Film: Has he got the commitment?

Alan Parker once famously dismissed the British Film Institute as `28 intellectuals in a library'. Now Chris Smith has appointed him to be the chief librarian. Geoffrey Macnab offers a turnip head's guide to British cinema's new leading man
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The Independent Culture
"Phoneys", "long-hairs", "intellectuals", "the corduroy trouser brigade" - these are just a few of the unflattering epithets used over the years to describe the denizens of the British Film Institute. BFI- bashing has long been an industry hobby. The Institute was regularly mocked as a state-sponsored ivory tower inhabited by pettifogging academics watching Eisenstein films. In the l980s, at least, Alan Parker (the man who brought us Fame) was among the most vociferous critics. He referred to the BFI as "a little fiefdom", and famously ridiculed one of the directors whose careers it helped nurture. If Peter Greenaway ever made another film, he threatened, he would go abroad.

That was a decade ago. Parker was true to his word - moving to Hollywood to make such crowd-pleasers as Mississippi Burning, Angel Heart and, most recently, Evita - but now he is back in Britain. What's more, Chris Smith has just appointed him Chairman of the BFI. At first glance, it seems an astonishing decision - akin to letting the proverbial bull loose in the china shop. The ex-advertising maverick, an unashamed populist who wears his working-class Islington credentials on his sleeve, looks set to strike terror into the breasts of the "28 intellectuals in a library" (as he caricatured the BFI in a recent radio interview). But the news doesn't seem to have alarmed the outgoing BFI director Wilf Stevenson in the slightest.

"I'm absolutely thrilled. It's the best appointment we could possibly have had," trills Stevenson. "It sends all the right signals. What we wanted was somebody who when he came into the room, would make people sit up and say, `Ah, British cinema'." Stevenson met Parker at a conference in April, realised that he might be interested in the job (which is both part-time and unpaid), "and the Secretary of State took it on from there".

Asked if Parker is sympathetic to the aims and spirit of the Institute, Stevenson replies "absolutely. He knows that our educational work is at the heart of our activities and he supports that." Stevenson acknowledges that Parker finds the BFI "too academic and too inward-looking", but insists that there have been radical changes in recent years. "In the old days, he wouldn't have touched us with a bargepole." (One suspects the feeling would have been mutual.)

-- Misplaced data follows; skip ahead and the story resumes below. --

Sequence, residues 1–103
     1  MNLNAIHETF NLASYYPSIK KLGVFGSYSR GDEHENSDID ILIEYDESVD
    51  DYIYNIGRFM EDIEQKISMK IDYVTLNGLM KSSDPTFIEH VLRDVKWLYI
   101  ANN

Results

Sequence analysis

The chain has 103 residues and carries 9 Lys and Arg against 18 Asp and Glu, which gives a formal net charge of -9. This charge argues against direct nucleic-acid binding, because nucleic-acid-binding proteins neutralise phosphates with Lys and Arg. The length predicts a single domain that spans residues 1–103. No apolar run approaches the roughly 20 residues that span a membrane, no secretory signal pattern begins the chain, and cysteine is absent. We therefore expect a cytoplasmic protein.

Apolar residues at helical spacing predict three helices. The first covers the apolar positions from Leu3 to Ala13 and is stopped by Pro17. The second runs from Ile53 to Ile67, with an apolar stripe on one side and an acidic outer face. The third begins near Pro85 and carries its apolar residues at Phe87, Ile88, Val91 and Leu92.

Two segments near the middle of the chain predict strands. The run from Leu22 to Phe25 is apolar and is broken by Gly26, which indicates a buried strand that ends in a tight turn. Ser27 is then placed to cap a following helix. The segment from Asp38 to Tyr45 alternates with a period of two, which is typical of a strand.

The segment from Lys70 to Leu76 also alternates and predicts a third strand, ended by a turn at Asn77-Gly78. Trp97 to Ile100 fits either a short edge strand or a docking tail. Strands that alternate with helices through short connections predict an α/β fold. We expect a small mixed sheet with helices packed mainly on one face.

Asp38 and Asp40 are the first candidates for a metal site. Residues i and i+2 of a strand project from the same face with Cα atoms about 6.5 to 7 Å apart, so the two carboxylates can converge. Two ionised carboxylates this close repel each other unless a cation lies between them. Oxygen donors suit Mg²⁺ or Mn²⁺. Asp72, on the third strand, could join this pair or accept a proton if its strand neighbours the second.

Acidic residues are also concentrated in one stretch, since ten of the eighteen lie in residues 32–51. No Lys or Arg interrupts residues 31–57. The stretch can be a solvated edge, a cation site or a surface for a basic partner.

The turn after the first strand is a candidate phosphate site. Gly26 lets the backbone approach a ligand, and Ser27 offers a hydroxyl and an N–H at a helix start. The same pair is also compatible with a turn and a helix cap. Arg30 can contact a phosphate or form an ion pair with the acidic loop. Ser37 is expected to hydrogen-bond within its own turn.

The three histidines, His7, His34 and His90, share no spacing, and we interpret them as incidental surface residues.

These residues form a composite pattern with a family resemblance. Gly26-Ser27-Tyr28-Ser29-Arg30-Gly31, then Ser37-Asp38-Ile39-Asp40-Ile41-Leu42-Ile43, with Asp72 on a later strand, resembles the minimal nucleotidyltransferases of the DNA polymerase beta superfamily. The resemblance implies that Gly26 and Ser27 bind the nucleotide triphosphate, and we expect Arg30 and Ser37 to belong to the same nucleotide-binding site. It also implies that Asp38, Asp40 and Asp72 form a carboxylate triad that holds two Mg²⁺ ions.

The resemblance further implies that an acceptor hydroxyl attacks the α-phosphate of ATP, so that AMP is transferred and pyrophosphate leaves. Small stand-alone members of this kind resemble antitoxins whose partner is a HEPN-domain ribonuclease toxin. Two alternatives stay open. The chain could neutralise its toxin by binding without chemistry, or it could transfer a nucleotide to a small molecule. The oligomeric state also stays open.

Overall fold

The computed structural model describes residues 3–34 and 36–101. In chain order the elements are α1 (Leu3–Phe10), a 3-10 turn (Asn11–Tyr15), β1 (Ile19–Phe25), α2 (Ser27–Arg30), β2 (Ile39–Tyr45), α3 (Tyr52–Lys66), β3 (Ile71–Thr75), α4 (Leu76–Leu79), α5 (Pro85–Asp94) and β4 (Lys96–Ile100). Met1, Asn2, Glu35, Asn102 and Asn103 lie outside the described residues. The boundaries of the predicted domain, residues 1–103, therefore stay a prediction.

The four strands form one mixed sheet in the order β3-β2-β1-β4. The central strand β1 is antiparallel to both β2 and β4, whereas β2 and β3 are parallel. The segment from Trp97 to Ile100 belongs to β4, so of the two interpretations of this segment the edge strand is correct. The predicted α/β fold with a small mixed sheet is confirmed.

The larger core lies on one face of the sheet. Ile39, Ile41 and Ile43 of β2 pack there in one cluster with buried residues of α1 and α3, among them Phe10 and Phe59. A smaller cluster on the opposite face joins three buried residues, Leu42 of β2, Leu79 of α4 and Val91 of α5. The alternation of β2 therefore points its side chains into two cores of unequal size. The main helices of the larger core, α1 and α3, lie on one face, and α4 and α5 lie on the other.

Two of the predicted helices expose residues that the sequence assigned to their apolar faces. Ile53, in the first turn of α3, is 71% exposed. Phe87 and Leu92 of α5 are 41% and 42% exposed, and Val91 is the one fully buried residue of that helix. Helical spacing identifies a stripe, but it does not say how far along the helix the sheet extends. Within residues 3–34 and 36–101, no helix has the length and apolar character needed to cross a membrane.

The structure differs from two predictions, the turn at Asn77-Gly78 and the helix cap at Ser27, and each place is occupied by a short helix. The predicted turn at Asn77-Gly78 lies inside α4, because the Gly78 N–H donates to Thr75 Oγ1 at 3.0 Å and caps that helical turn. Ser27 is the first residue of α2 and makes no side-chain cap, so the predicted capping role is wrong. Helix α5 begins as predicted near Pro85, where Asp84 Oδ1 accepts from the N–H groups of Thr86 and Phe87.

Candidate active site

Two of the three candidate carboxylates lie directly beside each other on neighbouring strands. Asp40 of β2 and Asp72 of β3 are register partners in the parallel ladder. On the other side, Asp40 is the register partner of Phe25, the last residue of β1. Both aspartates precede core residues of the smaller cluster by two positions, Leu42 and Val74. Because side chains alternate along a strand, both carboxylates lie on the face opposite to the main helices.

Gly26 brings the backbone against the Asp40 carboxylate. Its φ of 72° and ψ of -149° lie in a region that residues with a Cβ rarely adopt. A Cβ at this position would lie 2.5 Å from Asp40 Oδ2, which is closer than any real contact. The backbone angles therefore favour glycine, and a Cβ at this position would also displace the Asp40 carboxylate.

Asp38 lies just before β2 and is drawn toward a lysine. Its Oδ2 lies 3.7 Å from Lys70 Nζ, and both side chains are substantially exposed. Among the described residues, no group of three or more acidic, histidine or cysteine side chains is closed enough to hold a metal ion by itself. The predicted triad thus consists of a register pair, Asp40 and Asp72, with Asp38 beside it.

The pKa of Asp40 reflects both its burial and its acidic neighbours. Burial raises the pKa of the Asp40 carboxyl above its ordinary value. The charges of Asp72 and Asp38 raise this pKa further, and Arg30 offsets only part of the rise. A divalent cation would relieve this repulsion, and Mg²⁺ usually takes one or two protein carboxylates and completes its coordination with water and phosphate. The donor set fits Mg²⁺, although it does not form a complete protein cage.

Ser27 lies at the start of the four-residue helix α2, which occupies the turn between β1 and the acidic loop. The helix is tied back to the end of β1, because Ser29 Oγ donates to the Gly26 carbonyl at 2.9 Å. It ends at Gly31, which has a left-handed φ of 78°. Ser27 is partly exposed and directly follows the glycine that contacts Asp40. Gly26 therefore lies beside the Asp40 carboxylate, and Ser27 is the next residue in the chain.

The industry too seems to welcome the appointment. "There's a new climate, a new optimism in British cinema, and he is sure to act as a stimulant," observes John Adair from Moving Pictures International. "He's a populariser at heart. He's as well suited as anyone. If British films are to move out of an art-house ghetto, he's a highly appropriate figurehead."

It's a big "if" and it remains to be seen whether Parker will demonstrate the same schmoozing, wheedling and cajoling abilities that his predecessors, Lord Attenborough and Jeremy Thomas, brought to a post which entails chairing endless meetings, making speeches, supervising appointments, fending off government funding cuts, and generally behaving like the BFI's own pet ambassador. As his debunking 1986 documentary, A Turnip Head's Guide to the British Cinema, suggests, Parker is brazenly outspoken. He's the kind of director who invariably uses a sledgehammer to crack a nut (think, for instance, of the slow-motion scene in Midnight Express in which Brad Davis bites off his Turkish prison-warder's tongue). Subtlety isn't exactly his forte.

His appointment is clear evidence that the young turks from the advertising industry who galvanised British cinema in the early 1970s before decamping to Hollywood are back in Britain and fast becoming the new establishment. His old advertising associate David Puttnam (who produced his first feature, Bugsy Malone, in 1976) is part of Tony Blair's "cultural hit squad". His immediate contemporaries, Ridley and Tony Scott, are now owners of Shepperton Studio.

Look back to his advertising career and there's evidence that Parker regards British films with at least some sort of vexed affection. He was responsible for the Bird's Eye commercial that spoofed David Lean's Brief Encounter, using railway stations and Rachmaninov to sell frozen-food dinners. He also once parodied Lean's Oliver Twist with an ad showing the little orphan waif begging Mr Bumble for "more".

He may claim to detest Greenaway-style art-house cinema, but he reveres Ken Loach (hardly the most commercial director around) and recently named Loach's Kes as the best British film since the war. A true original, he's sure to jolt the BFI out of any lingering complacency, even if he does leave a trail of corduroy-wearing casualties in his waken

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